His answer is a desk-first approach that organises spaces and the people in them according to how they work. There needs to be high-quality air and light, as well as good acoustics, Young says. Gone are the days when bowls of free fruit, funky colour schemes and gaming consoles were sufficient for employees. These aspects still play a role, but “it seems Google is growing up a bit”, by placing greater focus on the building itself, Young says.
Three-storey-high spaces allow natural light to penetrate through to the building’s centre. The upper floor houses toilets, conference rooms and cafes, while the bottom floor has everyone working together in shared space “unencumbered by all that usual stuff”. There has been a maturation process that does not call for ostentatious displays of success. Young defines it as “austerity despite wealth”, where everything is understated, beautiful and has multiple functions.
A lack of wealth among employees is also influencing office design. Property ownership is prohibitively expensive to many and workspaces of the future may have to meet modern requirements. “Not having an expensive, gorgeous house or apartment to go back to maybe means you put different emphasis on things in your life,” Young says. “So in office buildings, in order to attract very intelligent millennials to come work for you, you will put loads of stuff that turns your office building into an almost 24-hour environment, which is a clever place to be.”
Google’s HQ in London will have four cafes, gyms, massage rooms, a swimming pool and multi-use indoor sports pitch, a 200m running track and a rooftop garden. Those in need of a power nap or a bed after a late night of working can sleep in pods.
Beer on tap
In Portland, US, which was the first Airbnb office Aaron Taylor Harvey designed, there is a tendency for employees to hang out at the office on the weekend, where there is a big screen TV and beer on tap.
“They just use it as a living room, which to me is like the biggest compliment, because it is such a home-like space that it just feels natural that they would use it, extracurricular, as a gathering space,” says Harvey.
Harvey co-leads the team with his wife Rachael. The couple and their 14-month-old toddler live just an eight-minute walk from the San Francisco office. “Our lives are extremely blended between home, work, personal, professional,” Harvey says. “It’s very natural for me. I would never do a job that felt independent from my life. The only way I can engage with things is if it is taking over every part of my brain and, obviously, all architects are kind of like that. We are obsessive.”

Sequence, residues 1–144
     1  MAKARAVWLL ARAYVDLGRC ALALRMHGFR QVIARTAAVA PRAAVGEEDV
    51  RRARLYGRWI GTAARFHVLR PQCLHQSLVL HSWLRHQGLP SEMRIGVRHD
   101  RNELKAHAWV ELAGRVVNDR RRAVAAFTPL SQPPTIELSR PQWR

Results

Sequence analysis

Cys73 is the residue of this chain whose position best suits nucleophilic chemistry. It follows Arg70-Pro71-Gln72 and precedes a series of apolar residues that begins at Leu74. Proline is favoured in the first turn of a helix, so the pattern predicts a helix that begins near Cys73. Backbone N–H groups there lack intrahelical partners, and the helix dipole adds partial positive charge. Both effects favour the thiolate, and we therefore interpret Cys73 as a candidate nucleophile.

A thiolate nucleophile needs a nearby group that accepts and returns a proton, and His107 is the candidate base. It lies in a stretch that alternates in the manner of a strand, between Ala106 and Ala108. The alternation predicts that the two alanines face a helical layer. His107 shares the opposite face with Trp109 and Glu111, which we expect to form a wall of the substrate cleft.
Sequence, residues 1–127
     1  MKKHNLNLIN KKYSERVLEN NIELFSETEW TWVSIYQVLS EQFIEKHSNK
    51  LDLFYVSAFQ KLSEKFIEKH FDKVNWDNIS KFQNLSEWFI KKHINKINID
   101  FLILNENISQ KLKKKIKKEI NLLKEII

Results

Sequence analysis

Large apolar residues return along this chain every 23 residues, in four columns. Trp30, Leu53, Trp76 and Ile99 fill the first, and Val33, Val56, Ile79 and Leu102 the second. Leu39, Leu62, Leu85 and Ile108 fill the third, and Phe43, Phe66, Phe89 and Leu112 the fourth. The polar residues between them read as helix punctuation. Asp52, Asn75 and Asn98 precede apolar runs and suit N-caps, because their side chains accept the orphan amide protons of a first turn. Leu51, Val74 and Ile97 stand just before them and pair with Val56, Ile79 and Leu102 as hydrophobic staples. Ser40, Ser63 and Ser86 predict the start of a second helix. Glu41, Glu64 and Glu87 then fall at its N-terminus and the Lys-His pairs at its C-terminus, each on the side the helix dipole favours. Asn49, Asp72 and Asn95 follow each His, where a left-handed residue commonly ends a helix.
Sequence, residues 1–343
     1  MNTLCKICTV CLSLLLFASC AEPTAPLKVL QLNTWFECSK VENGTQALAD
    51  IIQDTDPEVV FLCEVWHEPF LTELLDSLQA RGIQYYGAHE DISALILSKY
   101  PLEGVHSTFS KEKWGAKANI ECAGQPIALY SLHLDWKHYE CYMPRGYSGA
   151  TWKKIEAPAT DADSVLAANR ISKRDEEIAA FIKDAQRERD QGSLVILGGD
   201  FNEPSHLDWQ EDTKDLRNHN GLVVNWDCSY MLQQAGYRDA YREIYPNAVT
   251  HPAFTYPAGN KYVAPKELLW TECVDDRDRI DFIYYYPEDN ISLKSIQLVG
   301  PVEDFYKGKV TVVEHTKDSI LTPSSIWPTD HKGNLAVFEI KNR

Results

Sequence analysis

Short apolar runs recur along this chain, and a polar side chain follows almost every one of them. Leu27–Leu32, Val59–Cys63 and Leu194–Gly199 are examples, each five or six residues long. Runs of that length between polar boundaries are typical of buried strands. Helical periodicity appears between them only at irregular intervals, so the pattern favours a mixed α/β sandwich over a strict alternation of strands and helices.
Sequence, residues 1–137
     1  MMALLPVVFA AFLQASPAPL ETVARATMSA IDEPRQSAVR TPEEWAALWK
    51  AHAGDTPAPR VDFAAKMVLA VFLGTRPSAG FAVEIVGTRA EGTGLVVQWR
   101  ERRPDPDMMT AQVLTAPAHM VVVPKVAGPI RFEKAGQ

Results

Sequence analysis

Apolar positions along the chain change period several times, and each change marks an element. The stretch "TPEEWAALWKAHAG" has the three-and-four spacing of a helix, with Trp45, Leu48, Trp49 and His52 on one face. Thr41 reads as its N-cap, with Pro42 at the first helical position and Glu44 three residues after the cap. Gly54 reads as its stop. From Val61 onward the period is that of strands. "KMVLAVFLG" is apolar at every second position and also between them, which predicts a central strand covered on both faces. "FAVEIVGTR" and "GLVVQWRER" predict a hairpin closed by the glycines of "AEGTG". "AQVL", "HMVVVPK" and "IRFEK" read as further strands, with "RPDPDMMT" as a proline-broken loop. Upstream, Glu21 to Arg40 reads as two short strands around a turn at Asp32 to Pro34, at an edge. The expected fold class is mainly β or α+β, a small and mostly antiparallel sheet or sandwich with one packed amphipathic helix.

While tech firms tend to have the reputation for creating cool millennial playgrounds, Van Loon thinks the fuss comes down to clever branding: “You hear these wonderful stories on the internet about Google and Facebook and, when you get there, it is not really as fantastic as you might think, because they are fairly good at marketing,” she says.
Instead, Van Loon focuses on how to make office buildings better connected to their locations through views, shared spaces and minimal barriers. Sustainability continues to drive her designs. Rijnstraat 8 uses triple glass in the six atriums, solar panels, LED lights, and heat and cold storage. About 20.0% of the original building from 1993 was demolished but 99.7% of those materials were reused.
“The most important thing you can do as an architect is design a building that people will love for a very long time,” Van Loon says. “A building that people don’t like after ten years is the most unsustainable building on the planet.”
In the future, a building’s sustainability credentials may become even more essential, helping to determine, as Norman Foster suggests, whether or not young employees will work for a particular company.
Designers need a clear understanding of why people would want to stay in a building for 40 hours a week. “There needs to be a fully conceptualised idea of why that’s worth it to the employee,” Harvey says. “Offices have to be compelling to them in a way that no other space is.”
The cool spaces in offices should not infantilise employees or be treated as “candy so you can go back and eat your vegetables”, Harvey says. “Everything should support engagement and better ways of thinking about problems. It should never be seen as a distraction from work.”
While employees’ personal space is being reduced, the notion of flexible work areas and different ergonomic zones gives them freer movement and room to think, work, relax and collaborate. As boundaries between work and life continue to blur, companies will need to figure out how to get the most from occupants, while giving them spaces that foster a sense of comfort and, ultimately, purpose.